Authority today can be relatively specific. As Matt Sartwell points out, no one would mistake a Thomas Keller cookbook for a book on weeknight menu planning and 30-minute recipes for a family of four. Nor would Gwyneth Paltrow, to name just one, whose healthy recipes are very well suited to a busy family life, be viewed as an authority on the types of complex dishes for which great chefs like Keller or Joel Robuchon are known. Healthy eating too is its own category. The same goes for Chinese cooking or Peruvian or Indian cuisine.

That specificity reflects another shift in the focus of cookbooks, according to Sartwell, away from the general cookbooks of the past toward the more specialized. As tastes evolve and become broader and more sophisticated, as readers eat more globally and ingredients that were once considered unusual become more available, it is difficult for a single book or even series of books to deliver recipes appealing to all of those tastes. And for the author to establish authority beyond the specific. There are certainly a few exceptions, but for the most part, professionals and home cooks alike look to books in the specific region, style, type of ingredient, for recipes and cooking tips.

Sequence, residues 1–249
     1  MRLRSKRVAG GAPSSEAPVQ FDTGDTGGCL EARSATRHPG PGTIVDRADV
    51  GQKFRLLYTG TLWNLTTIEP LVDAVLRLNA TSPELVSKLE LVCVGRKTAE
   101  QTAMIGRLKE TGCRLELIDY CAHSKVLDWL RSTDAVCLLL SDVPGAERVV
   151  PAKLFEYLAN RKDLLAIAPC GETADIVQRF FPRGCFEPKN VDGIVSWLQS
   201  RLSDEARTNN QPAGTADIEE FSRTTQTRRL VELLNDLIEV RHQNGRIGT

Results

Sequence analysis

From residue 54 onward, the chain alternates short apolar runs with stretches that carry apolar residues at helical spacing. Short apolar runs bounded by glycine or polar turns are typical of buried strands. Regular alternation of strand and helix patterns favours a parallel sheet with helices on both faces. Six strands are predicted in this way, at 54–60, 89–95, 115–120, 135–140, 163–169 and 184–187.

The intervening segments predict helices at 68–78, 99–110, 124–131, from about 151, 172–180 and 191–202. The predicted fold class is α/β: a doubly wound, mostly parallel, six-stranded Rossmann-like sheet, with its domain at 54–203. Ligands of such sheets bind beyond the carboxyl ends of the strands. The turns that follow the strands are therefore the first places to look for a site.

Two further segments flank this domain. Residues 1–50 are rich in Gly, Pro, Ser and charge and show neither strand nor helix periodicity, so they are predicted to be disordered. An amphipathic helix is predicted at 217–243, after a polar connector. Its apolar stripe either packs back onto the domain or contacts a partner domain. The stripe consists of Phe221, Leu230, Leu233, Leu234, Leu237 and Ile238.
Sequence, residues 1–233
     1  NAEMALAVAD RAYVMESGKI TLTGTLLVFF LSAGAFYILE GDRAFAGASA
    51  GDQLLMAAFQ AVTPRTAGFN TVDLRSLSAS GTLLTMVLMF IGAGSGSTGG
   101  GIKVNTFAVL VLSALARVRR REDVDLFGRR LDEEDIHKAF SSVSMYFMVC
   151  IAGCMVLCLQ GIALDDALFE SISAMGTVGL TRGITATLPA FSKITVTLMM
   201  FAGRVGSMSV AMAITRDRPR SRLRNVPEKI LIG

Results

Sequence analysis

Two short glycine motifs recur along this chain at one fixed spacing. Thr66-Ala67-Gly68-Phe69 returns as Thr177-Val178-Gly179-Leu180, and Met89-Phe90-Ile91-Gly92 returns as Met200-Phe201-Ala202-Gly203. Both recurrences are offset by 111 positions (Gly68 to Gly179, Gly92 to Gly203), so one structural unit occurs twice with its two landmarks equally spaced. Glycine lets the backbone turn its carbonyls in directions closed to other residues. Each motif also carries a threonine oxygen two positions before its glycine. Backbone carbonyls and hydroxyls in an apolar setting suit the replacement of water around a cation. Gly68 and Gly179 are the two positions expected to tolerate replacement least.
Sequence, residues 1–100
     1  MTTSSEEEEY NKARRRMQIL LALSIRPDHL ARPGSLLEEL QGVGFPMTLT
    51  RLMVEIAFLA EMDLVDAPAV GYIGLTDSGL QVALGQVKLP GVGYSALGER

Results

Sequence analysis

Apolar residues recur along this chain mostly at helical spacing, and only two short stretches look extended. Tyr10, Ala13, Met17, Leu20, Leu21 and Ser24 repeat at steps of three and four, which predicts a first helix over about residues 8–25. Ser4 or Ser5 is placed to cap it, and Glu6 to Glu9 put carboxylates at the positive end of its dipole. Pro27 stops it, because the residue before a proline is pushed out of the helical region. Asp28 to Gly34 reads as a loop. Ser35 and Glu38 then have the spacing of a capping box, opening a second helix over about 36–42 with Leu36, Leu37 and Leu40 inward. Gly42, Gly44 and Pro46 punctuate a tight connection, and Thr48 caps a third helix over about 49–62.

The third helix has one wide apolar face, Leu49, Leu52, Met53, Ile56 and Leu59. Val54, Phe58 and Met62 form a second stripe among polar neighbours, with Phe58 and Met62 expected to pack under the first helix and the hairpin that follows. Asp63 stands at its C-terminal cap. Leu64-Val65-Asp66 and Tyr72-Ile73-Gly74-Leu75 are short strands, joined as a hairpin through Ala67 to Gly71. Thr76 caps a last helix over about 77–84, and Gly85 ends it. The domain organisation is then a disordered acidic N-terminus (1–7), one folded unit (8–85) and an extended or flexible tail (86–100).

There are books, often more than one, about many, but not all, cuisines in the world, stretching from Europe to the Americas to Asia and elsewhere. And within those cuisines there are books devoted to single preparations or ingredients, be it paella, or gnocchi or ramen. Michael Smith currently collects cookbooks focused on open fire cooking. Two recent cookbooks Kitchen Arts and Letters features are a book on gnocchi and a scientific guide to Neapolitan pizza making. Such books offer obvious benefits to culinary professionals, but even home cooks, with backyard pizza ovens and cryovac machines, are buying them up.

What about the visual elements, the photographs or drawings of the food, the kitchen, the countryside or city streets that at their best convey not only the beauty of the food, but its context and culture? Images are so common, even expected, according to Sartwell, that there are “plenty of people who won’t buy a cookbook that doesn’t have lots of images and people who won’t buy a cookbook that doesn’t have a picture for every recipe.”